Lemons and Limes
It’s very surprising to find that not all Latin American counties agree on how we say and actually use limes and lemons in Puerto Vallarta. It seems that every country south of Mexico has a different way to say and even apply the use of these wonderful fruits. They can’t even agree on exactly what they are!
Recently PRI (Public Radio International) aired a piece regarding this silly frustration. For example, Chileans and Argentines apparently consider limes unripe lemons and don’t go near them. Most can’t even agree on how the words of these fruits, very predominant in Puerto Vallarta, are even pronounced. Venture very far south and you will have a problem asking for a lime; they simply aren’t a piece of the culinary culture. The word lime doesn’t exist in places like Chile.
The word for lemon in the Southern climes is limon; there is no word for lime. Limones verdes is a possibility but they don’t eat them. What most Latin countries consider a lime as we in Puerto Vallarta know it, is sour, green and smaller then a lemon; the lemon is larger, sweet in their estimation and yellow.
This all might make more sense when one realizes that neither lemons nor limes are indigenous to Mexico. They are actually hybrids that originated in Southeast Asia. The variety we are most familiar with here in Puerto Vallarta is similar to a fruit that was brought to Mexico from Spain by the conquistadores and those were brought to Spain from Asia during the Crusades.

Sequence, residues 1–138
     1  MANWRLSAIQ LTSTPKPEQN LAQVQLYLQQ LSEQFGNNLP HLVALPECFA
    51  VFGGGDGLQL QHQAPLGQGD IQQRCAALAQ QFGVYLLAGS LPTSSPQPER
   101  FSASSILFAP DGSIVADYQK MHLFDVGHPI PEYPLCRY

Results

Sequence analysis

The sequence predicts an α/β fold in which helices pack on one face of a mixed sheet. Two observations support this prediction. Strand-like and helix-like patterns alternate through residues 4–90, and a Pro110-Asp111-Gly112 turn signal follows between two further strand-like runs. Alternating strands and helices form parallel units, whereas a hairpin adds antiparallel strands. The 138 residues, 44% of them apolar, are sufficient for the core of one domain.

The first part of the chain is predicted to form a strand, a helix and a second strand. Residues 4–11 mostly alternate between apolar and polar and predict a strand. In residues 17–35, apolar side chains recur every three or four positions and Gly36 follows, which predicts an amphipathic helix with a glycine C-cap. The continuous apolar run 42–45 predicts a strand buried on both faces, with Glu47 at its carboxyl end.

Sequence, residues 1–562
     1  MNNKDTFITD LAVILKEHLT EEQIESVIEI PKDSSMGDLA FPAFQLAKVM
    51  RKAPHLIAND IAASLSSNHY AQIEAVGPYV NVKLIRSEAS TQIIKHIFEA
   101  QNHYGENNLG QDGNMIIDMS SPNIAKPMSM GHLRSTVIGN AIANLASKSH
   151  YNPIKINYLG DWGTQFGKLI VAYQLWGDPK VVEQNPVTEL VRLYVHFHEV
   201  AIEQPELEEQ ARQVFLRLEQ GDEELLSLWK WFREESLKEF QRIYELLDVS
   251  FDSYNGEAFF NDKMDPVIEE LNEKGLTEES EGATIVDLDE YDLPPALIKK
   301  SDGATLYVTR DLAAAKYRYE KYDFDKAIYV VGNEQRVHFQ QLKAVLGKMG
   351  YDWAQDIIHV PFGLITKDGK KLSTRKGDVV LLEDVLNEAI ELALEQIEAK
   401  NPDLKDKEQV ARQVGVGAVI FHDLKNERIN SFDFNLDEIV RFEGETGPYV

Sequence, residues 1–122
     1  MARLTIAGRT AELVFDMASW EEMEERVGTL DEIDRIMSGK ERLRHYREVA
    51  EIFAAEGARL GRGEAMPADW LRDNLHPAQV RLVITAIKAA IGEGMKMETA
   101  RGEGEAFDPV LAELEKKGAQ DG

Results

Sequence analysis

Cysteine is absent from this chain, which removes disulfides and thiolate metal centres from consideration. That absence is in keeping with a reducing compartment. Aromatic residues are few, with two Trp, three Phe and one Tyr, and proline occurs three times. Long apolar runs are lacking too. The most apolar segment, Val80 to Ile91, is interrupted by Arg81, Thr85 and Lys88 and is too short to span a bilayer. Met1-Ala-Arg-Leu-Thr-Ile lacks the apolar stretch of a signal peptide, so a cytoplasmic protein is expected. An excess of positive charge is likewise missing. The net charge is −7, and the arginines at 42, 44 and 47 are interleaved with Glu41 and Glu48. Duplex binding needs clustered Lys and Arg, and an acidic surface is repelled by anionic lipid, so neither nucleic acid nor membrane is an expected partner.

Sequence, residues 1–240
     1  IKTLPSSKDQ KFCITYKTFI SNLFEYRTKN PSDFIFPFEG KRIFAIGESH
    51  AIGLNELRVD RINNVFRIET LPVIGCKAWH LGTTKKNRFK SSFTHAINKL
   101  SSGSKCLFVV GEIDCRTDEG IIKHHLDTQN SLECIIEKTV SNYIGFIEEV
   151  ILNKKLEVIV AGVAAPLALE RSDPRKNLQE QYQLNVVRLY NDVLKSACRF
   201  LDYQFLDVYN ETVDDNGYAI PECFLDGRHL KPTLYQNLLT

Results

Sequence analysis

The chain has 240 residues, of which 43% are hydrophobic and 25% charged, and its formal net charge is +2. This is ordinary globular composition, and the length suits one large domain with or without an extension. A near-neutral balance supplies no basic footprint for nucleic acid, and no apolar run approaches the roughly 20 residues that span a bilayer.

The problem with what to call them didn’t exist before there were trade routes. There was a word for lemons and limes in the language of the cultures where these small citrus fruits existed.
Funny enough, the word lima has taken on a life of its own as a way to describe the small sweet limes we use in our Coronas and on tacos. Oddly, Lima, the capital of Peru, has nothing to do with limes or lemons; it comes from Limaq, the famous oracle of the Rímac Valley.
Songs written about limes, limones and lemons force us to use our own interpretation and imagination in deciding the color of the fruit being sung about, considering that in many places, the perplexity lies in the fact that classification of limes and lemons are completely reversed!
Que es cómo es.
Thanks to our guest blogger Adam Garcia (opinions expressed are his own)
Here are a few of our guiding principals at Boardwalk Realty:
“First of all, we really want to get to know you,” When we know you, we can tailor home tours to your tastes.”
Secondly, there’s the legal side of owning in Mexico. “Besides our own experience, we can save you a lot of time and money by offering you complimentary consultations with our partner attorneys. The nuances of how you buy here can save you a lot of money when you sell. It’s important to know what you’re doing on the purchase so that when you sell you can best use any tax advantages. This service is free to our clients and can be invaluable.”
Both partners agree that the most important element of Boardwalk Realty is our ongoing service and commitment to our clients after the sale. We are both passionate about protecting the investment and security of our clients. “Our clients become our friends, we see them socially, and we treat them as we would like to be treated ourselves”, adds Mike.
Boardwalk Realty Puerto Vallarta represents buyers and sellers of real estate in the entire Bay of Banderas area, and will soon add a rental and property management division.